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A Day on the Set Acting with Liam Neeson

By Ron Roman

Operation Chromite. That’s the name of the movie my agent called me up to tell me I’d be cast in featuring Oscar winner (1993 Best Actor for Seven Spielberg’s Schindler’s List) and super-star Liam Neeson as General Douglas MacArthur. Director would be John Lee (aka Lee Jae Han) for a cinematic remake of MacArthur’s outrageously successful Incheon Landing on 15 September 1950 right after the start of the Korean War. I had worked with Lee before portraying General John H. Church in Lee’s 2010 Korean War epic 71: Into the Fire. My role as US Navy Chief of Staff Admiral Forrest Sherman had been set to go to a Hollywood-based actor; for undisclosed reasons he couldn’t take it and my agent

convinced Lee to give it to me based on our prior collaboration. Come salary-negotiation time it was take it or leave it; my agent knew I’d pounce on the opportunity to work with Neeson, so my fee, though decent, was essentially caught in half. You long-term Korean-based ex-pats know what it’s like working here, right? Tsk-tsk.

Before shooting I’d make a trip to Seoul to get measured for my American admiral’s uniform, circa 1950, and finally to Sheraton Walker Hill Hotel to get fitted. Having served in the US military, though in the Army, I was certainly familiar with US military uniforms, though I’d soon discover that personal name tags weren’t worn during that time. No big deal, right? But when time came for my agent and her assistants to come over my house to rehearse my lines to be sure I had them down cold, I was told I’d have to shave off my mustache. (Upon my research of Admiral Sherman, I found he didn’t sport one. To his credit, Director Lee is a stickler for historical accuracy; off came the mustache.) Anyhow, I did have down cold all lines given to me as well as those of the other three actors in our two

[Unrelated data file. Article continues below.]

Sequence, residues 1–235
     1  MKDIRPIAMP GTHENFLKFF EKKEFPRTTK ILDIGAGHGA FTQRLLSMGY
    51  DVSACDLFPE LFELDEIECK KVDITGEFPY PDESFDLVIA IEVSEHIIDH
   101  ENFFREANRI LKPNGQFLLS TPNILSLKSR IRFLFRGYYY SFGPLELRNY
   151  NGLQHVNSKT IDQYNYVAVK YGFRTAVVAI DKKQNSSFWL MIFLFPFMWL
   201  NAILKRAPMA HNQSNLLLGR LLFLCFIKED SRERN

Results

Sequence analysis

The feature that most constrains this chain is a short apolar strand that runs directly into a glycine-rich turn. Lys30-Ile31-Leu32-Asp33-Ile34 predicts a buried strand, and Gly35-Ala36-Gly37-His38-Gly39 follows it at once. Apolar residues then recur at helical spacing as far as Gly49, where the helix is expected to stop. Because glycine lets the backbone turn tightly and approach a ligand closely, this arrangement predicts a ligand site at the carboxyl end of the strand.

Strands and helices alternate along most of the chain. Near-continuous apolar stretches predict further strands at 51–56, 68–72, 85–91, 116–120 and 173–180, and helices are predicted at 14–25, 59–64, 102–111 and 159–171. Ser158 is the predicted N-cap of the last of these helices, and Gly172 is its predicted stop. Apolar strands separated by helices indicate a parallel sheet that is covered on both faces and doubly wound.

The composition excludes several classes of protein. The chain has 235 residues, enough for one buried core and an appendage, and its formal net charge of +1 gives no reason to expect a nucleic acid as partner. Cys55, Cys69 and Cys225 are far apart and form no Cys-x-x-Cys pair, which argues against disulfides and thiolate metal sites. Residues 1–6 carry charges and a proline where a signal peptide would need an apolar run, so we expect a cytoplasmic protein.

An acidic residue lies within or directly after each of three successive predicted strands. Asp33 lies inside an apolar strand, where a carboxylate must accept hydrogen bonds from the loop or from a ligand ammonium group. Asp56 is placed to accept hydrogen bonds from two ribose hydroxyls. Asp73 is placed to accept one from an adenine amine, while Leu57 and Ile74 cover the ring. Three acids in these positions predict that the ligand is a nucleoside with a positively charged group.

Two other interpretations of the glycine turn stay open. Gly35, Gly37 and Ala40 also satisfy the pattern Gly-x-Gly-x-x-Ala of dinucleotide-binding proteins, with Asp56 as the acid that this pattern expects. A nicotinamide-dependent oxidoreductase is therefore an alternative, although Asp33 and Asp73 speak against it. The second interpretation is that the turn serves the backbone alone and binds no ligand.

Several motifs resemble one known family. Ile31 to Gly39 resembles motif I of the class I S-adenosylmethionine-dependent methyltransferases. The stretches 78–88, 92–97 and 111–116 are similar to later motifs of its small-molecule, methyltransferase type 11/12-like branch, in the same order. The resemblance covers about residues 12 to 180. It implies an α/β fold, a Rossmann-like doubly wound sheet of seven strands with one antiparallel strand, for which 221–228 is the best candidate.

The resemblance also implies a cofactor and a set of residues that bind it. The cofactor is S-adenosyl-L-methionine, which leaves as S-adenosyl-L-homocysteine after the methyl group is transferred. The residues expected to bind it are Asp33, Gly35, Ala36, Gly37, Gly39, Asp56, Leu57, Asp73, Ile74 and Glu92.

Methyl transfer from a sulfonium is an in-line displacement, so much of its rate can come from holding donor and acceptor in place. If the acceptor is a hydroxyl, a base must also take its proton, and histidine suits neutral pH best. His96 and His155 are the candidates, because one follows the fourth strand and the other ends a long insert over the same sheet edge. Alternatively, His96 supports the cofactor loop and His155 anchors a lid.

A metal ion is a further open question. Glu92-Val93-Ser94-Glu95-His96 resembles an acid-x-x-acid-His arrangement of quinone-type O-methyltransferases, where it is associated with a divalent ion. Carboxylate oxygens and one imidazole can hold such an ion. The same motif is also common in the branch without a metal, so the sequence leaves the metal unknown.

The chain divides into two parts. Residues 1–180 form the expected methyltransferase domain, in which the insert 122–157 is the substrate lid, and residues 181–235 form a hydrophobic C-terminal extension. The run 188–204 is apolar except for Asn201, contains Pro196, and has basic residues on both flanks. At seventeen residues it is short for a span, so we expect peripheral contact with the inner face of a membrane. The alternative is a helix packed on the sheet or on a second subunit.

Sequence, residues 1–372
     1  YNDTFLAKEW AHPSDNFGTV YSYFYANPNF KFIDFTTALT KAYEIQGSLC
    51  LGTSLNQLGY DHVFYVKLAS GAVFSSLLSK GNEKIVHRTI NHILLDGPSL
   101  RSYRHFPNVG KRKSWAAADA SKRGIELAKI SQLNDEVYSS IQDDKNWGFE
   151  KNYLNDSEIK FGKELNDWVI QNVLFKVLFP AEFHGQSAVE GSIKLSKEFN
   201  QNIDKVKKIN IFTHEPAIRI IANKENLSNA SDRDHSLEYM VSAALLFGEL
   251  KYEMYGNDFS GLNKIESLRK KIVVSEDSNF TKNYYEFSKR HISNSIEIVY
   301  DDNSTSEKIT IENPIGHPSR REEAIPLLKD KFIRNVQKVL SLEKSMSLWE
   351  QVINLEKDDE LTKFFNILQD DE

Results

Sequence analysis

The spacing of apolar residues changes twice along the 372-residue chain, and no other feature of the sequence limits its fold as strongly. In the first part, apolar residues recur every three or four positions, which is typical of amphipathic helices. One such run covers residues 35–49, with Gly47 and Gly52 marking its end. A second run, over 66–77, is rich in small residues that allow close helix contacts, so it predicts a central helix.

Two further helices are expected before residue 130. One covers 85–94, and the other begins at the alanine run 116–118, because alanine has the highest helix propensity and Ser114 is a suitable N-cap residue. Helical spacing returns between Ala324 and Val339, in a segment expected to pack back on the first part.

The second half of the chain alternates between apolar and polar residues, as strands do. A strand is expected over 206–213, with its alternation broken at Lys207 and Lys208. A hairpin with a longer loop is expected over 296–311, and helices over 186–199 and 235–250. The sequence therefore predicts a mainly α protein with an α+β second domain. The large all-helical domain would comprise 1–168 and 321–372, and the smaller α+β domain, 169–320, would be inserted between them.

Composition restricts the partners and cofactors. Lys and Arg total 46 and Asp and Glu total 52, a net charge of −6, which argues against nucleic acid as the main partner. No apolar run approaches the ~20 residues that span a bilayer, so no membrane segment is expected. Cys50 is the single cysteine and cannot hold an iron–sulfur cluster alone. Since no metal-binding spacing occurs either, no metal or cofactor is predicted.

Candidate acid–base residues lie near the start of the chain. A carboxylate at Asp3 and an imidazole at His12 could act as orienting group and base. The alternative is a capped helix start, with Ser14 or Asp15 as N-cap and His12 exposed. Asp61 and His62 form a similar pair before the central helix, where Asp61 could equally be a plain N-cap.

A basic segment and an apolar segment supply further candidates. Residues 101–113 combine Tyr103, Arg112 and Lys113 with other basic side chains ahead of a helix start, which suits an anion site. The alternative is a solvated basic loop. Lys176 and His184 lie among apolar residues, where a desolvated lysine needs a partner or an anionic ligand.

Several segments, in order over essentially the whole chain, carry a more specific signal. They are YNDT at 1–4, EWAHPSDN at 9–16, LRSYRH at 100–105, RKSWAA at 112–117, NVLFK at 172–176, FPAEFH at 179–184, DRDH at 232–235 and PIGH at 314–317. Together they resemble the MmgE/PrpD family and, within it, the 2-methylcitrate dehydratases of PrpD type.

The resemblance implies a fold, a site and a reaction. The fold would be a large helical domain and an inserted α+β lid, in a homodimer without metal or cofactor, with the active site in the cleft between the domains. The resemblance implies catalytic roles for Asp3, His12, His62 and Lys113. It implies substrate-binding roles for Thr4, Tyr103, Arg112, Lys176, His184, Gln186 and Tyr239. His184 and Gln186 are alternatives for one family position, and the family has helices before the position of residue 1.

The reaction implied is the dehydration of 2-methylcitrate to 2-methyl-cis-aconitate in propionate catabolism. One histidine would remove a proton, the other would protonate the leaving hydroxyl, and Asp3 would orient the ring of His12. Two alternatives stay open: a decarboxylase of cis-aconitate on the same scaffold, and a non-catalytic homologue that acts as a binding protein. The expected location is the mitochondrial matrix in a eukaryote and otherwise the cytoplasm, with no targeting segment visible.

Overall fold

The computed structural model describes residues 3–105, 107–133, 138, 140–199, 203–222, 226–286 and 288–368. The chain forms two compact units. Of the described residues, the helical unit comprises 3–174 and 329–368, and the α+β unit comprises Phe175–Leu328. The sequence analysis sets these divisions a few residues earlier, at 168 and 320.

separate scenes together: Neeson, Hollywood star Jon Gries (erroneously listed as Chairman of the US Joint Chiefs of Staff Vandenberg; it had been General Omar Bradley) and “Andrew,” local ex-pat (as US Army Chief of Staff General “Lightning Joe” Collins). Next thing you know, before seven in the morning I was huddling on the set with Andrew and Director Lee in Lee’s private chambers.

Though his role as General Collins was small, considerably smaller than mine, Andrew would incessantly needle Lee as to the “workings” and “motivations,” and “make-up” of his character. Soon, as we all began shooting our initial outdoor scene with Neeson (as MacArthur) defiantly and sarcastically welcoming us as “The Three Stooges,” upon exiting our chauffeured sedan, Andrew’s continuous chatter got under Lee’s skin: “I need you to stay focused!” (Guess working with Neeson got to be too exciting.) He wouldn’t (couldn’t?) calm down. Finally, one helluva burly Korean guy, looking more like a gangster

from Seoul’s meaner streets but a representative from the production company, came lumbering our way. Sticking his head in the sedan while we waited inside for another take, in decent-enough English for all to understand, he snarled, “Mr. Neeson needs concentrate. Don’t interrupt. Don’t bother him. Stop talk!” Andrew, sitting next to me, gulped and blurted out: “Guess he means me!” Everybody twittered. We shot the scene numerous times, finally getting it down pat enough to Lee’s satisfaction. Next up, the “big” scene inside the war conference room where Neeson/MacArthur’s Incheon Landing plans were challenged by us “Three Stooges.”